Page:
Punta de Manabique
Punta de Manabique is a Wildlife Refuge, designated Ramsar wetland of international importance, and part of of the Guatemalan Caribbean Slope Important Bird Area (IBA GT011). More than 300 bird species have been recorded, including the Endangered Yellow-headed Parrot.
Main habitats of the peninsula of Punta de Manabique are swamp forests, estuaries, costal scrub, mangroves and beaches. Some parts of the forest are accessible on board walks, where with some good luck Black-crowned Antshrike and Cocoa Woodcreeper can be seen, which reach in eastern Guatemala and southern Belize their northern limit of distribution. Most common resident birds in the forest are Rufous-tailed Hummingbird, Lesser Greenlet, Stripe-throated Hermit, Spot-breasted Wren, White-breasted Wood-Wren, White-collared Manakin, Chestnut-colored Woodpecker, and Northern Bentbill. Most common Nearctic-Neotropical migrants are Magnolia Warbler, Gray Catbird, Northern Waterhrush, and Wood Thrush. Most intense migratory movements can be witnessed at the beginning of October and in March-May. Raptor migration, including intensive innertropical movements of Hook-billed Kites, occur in the same time. Woodstorcks migrate intensively in March. In mid-May, a massive migration of Common Nighthawks has been observed.
Birds of the mangrove belt include Mangrove Vireo, Gray-necked and Rufous-necked Woodrail, White-crowned Pigeon, and several herons (Bare-throated Tiger-Heron, Yellow-crowned Night-Heron, Boat-billed Heron, Green and Tricolored Heron, and others). Although Punta de Manabique is not a very important wintering area for great numbers of shorebirds, 25 species have been recorded, which can be seen along the beaches and in estuaries. From March to September Great Egrets maintain a mixed breeding colony together with Anhingas and Neotropical Cormorant. Seabirds such as different sulids (Brown and Red-footed Booby), terns (Royal, Caspian, Sandwich, Common, Sooty, and Least Tern), Magnificent Frigatebird, Brown Pelican, Pomarine and Parasitc Jaeger, can be seen from the shore. Hundreds of Green Iguanas appear in February from the interior vegetation on the beaches to lay their eggs. Also different species of sea turtles use the beaches to deposit their clutches. With some good luck, Tapir, Jaguar, and Mantled Howler Monkey can be seen.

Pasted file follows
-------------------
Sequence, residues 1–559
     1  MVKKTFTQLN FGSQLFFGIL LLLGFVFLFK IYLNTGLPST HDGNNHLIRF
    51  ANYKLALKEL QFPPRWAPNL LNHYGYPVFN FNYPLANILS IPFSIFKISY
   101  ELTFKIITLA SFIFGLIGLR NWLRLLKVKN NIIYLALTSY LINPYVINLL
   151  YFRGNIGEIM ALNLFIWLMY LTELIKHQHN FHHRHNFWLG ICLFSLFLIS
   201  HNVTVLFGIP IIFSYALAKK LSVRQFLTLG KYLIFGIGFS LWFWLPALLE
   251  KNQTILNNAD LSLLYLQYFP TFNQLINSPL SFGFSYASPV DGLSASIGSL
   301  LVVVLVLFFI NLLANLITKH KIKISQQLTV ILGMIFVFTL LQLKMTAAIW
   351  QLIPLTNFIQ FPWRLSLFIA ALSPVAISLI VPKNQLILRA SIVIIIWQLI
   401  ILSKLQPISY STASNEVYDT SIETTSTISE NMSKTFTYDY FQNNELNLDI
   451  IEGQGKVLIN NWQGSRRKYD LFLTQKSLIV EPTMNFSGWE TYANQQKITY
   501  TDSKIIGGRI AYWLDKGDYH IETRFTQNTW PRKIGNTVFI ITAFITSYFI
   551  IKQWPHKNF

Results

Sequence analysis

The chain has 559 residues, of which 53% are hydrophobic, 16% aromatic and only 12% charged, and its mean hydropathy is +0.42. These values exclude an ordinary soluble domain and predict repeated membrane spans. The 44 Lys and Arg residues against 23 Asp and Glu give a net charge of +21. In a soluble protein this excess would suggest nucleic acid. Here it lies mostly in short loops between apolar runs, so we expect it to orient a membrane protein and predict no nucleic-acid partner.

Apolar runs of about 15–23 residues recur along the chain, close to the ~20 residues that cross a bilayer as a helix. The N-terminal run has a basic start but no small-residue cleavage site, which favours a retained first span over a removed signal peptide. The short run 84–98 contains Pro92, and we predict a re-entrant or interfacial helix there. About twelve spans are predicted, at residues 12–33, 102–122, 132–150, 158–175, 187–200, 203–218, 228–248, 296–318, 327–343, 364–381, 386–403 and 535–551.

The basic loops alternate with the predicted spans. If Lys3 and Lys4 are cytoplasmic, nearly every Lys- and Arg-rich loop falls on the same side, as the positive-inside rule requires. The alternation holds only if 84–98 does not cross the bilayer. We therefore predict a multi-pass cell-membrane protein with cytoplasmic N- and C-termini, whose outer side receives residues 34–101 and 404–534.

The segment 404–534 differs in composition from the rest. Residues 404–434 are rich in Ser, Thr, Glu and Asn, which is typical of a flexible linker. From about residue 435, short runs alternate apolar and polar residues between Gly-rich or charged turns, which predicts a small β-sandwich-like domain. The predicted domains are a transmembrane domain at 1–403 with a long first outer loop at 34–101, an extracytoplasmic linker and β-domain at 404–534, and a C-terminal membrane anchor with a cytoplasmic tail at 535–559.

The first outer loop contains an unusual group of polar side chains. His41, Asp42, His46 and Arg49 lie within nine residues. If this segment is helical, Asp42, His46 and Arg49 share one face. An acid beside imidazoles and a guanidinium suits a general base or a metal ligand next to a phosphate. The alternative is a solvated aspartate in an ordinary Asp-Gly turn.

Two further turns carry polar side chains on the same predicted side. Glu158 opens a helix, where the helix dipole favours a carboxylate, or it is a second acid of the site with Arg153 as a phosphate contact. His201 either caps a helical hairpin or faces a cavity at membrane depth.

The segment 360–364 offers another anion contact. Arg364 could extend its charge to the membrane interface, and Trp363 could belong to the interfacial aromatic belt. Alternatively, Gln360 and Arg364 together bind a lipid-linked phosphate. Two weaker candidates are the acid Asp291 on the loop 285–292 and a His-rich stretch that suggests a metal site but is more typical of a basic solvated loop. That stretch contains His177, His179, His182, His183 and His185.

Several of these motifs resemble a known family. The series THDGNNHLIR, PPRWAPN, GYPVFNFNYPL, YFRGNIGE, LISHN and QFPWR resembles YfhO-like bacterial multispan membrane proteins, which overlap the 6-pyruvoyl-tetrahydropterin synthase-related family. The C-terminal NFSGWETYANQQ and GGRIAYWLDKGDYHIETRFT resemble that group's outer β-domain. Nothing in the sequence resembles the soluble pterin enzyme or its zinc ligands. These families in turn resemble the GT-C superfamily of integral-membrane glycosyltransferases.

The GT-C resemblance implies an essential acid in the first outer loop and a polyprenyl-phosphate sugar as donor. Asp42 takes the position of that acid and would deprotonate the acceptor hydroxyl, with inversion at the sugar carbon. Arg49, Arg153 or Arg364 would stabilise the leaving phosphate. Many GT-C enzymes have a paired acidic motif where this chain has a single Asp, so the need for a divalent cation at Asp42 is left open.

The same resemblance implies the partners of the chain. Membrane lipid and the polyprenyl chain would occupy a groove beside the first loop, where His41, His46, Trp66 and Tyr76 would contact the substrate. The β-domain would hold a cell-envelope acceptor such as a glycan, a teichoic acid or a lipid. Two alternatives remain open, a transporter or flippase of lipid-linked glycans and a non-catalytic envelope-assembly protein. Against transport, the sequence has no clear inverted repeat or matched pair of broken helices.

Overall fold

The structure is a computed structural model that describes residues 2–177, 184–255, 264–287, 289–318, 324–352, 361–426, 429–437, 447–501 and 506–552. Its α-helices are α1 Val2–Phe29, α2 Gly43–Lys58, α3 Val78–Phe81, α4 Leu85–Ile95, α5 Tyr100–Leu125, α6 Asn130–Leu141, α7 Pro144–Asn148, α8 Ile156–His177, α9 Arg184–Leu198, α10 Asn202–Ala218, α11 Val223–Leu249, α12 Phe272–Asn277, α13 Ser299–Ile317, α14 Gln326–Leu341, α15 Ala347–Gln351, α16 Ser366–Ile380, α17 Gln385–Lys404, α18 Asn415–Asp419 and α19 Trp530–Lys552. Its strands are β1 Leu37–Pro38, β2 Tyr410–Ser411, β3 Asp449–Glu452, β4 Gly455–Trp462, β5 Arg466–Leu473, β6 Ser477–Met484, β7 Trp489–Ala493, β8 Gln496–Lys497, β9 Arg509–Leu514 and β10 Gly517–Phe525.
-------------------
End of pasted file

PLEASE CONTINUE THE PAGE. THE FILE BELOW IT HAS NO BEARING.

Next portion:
Access and accommodation: Punta de Manabique Wildlife Refuge is managed by the conservationist organization FUNDARY (Fundación Mario Dary). Fundary maintains a biological station where guests can stay in rustic rooms with a shower, kitchen, purified water, and a beach right nearby. Manabique is accessible only by boat- a 30 km trip from Puerto Barrios, which helps minimize human impact on the protected area.
When is the best time for a visit to Punte de Manabique? The best time of year is from March to May. These months fall within the dry season and the sea is usually calm, a basic condition for access to the observation sites in the area.
How do you support conservation and development in Punta de Manabique? The local population in the Manabique area is made up of mostly Ladinos (people of Spanish decent), from Guatemala, Honduras and Belize. They have been living in this area for years, surviving by exploiting many of the area's natural resources, especially fish. Approximately 2,000 people live within the protected area and the main species they fish for is "Manjua", an anchovy only a few centimeters long. While this has been a lucrative activity for decades, recent studies found that the species, which moves in big swarms through shallow waters, has been drastically over-fished all along the coast of the Gulf of Honduras. To target this isuue, Guatemala, Honduras and Belize signed an international agreement to drastically reduce the fishing of this species.
Your visit to Manabique will help support Fundary's conservation work in the area and help the local people transition to new income generating activities. One of Fundary's core principles is that local people should be a driving force for conservation in the protected area and, as such, Fundary works with the resident population to try and find alternative income sources, which do not harm the natural environment. The ecotourism program in Manabique is an example of this type of alternative income source. While you visit the area, all of your services will be provided by local people (boat ride, meals, lodging). In this way, you will be helping the local people to earn a living without negatively impacting their natural environment. Punta de Manabique is part of the Important Bird Area Guatemalan Caribbean Slope (IBA GT011).